Paycheck and Arbitration 'Fairness' Worry Employers

By McGuireWoods LLP May 18, 2009

In addition to the recently enacted Lilly Ledbetter Fair Pay Act, two additional pieces of legislation are pending in Congress in that could alter the employer-employee relationship in pay-related disputes significantly:

The Paycheck Fairness Act (H.R. 12 and S. 182) would amend the Equal Pay Act (EPA) to create new damages and causes of action while removing impediments for employees to bring suits.

The Arbitration Fairness Act(H.R. 1020 and S. 931) would amend the federal Arbitration Act so that mandatory arbitration clauses in employment, consumer and franchise agreements are unenforceable.

Each piece of legislation, if enacted in its current form, could usher in a new era in employment-related litigation that is decidedly pro-employee, employment attorneys say.

The Paycheck Fairness Act

The Paycheck Fairness Act passed the U.S. House on Jan. 9, 2009. One day earlier, it was introduced in the U.S. Senate by then-Sen. Hillary Clinton, D-N.Y. As of May 2009, it is pending on the Senate calendar. The Paycheck Fairness Act would make the following changes to the EPA:

Bar retaliation against workers who share information about wages with other employees.

Allow for compensatory and punitive damages.

Allow for opt-out class actions (as opposed to the current opt-in collective actions under the Fair Labor Standards Act, 29 U.S.C. section 216(b)).

Narrow the “any factor other than sex” affirmative defense by requiring employer-proffered rationales for pay disparity to be job-related, bona fide factors linked to business necessities.

The Paycheck Fairness Act, especially when combined with the recently passed Lilly Ledbetter Fair Pay Act, could trigger a wave of individual and collective wage-and-hour actions. Employers are advised to take appropriate measures to ensure that their compensation policies and procedures are updated and being implemented properly. Employers should start looking more closely at their compensation structure (preferably in an attorney-privileged context) to ensure that any disparity is based on bone-fide factors related to business necessity.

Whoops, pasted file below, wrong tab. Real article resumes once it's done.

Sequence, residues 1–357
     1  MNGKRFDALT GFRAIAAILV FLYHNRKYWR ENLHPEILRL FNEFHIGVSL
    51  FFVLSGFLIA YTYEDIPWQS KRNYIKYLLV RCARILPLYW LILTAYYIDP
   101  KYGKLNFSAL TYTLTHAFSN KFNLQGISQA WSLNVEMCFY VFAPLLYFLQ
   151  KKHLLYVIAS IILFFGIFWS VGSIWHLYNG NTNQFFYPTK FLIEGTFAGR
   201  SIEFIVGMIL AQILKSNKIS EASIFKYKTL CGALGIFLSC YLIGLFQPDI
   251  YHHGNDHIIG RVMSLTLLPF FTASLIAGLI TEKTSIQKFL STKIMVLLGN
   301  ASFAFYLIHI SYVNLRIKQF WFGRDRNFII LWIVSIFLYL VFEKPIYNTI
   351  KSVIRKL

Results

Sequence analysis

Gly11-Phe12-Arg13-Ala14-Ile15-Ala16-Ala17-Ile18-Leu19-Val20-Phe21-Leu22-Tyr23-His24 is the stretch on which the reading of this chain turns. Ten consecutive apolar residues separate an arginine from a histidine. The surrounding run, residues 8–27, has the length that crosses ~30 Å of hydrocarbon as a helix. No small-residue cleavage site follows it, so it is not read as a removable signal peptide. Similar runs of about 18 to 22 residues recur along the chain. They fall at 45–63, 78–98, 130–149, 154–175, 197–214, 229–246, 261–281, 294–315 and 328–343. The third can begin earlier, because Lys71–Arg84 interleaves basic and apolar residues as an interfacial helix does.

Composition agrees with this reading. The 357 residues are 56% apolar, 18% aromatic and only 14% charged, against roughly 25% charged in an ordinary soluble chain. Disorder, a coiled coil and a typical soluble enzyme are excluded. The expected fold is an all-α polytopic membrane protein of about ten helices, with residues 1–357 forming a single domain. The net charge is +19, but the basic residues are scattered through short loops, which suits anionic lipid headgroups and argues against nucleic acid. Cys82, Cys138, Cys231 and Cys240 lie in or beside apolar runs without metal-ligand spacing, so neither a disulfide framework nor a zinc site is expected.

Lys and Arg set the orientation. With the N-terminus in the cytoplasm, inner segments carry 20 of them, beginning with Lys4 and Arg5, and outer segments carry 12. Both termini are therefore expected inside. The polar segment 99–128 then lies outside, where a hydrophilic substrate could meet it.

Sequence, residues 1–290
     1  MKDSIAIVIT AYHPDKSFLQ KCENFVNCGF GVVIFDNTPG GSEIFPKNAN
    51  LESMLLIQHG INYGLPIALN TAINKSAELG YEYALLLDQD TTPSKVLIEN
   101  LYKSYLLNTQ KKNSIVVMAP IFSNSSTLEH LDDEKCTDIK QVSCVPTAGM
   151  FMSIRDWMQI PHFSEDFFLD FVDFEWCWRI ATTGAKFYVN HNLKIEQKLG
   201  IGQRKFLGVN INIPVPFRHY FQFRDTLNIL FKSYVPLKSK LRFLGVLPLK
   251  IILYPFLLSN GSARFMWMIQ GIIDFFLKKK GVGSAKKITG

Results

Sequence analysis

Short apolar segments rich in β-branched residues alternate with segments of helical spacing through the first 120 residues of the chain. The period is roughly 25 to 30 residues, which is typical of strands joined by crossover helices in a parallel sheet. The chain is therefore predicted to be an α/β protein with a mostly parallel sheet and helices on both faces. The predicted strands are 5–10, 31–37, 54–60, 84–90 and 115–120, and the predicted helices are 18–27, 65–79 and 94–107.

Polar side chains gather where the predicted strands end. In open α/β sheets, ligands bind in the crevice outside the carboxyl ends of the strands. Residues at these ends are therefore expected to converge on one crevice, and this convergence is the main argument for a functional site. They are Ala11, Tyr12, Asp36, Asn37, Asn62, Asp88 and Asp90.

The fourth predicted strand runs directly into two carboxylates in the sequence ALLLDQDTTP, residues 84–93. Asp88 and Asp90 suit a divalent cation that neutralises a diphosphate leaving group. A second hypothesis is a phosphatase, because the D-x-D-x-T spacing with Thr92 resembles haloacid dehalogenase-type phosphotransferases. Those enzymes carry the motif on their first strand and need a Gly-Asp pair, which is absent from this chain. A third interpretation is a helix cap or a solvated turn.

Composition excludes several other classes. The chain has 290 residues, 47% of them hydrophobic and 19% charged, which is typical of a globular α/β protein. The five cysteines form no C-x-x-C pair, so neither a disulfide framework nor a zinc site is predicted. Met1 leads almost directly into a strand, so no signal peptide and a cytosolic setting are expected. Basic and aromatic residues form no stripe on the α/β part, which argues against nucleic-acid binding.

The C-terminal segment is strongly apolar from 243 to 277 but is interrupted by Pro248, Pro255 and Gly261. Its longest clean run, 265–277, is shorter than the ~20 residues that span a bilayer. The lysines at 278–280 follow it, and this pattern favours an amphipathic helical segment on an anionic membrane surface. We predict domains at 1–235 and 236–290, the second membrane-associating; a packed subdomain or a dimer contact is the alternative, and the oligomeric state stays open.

The Arbitration Fairness Act

On April 1, 2009, the U.S. Supreme Court ruled in the case of 14 Penn Plaza LLC v. Pyett that mandatory arbitration clauses with respect to claims under the Age Discrimination in Employment Act (ADEA) are enforceable. In direct response to that decision and the increasing willingness of many courts to enforce mandatory arbitration agreements, Congress has begun an attempt to overturn 14 Penn Plaza and other precedent favoring arbitration.

On Feb. 12, 2009, Rep. Hank Johnson, D-Ga., introduced the Arbitration Fairness Act of 2009 in the House. It was referred to the House Subcommittee on Commercial and Administrative Law. On April 29, 2009, Sen. Russ Feingold, D-Wis., introduced an almost identical version of the bill in the Senate, also called the Arbitration Fairness Act of 2009. It was referred to the Senate Committee on the Judiciary.

The Arbitration Fairness Act is designed to make pre-dispute mandatory arbitration provisions contained in employment, consumer and franchise agreements unenforceable. However, mandatory arbitration clauses in employment agreements entered into before enactment of the Arbitration Fairness Act would still be enforceable. Finally, pre-dispute arbitration clauses in collective bargaining agreements unrelated to an employee’s ability to seek judicial enforcement for discrimination claims would still be enforceable.

Enactment of this legislation would alter the employment landscape drastically, as employers would no longer be allowed to include arbitration clauses in employment agreements. Instead, if an employer prefers the arbitral forum, it would have to wait until after a dispute arises and then seek an agreement with the employee to resolve the matter in arbitration.

© 2009 McGuireWoods LLP. All Rights Reserved.

This article should not be construed as legal advice.​


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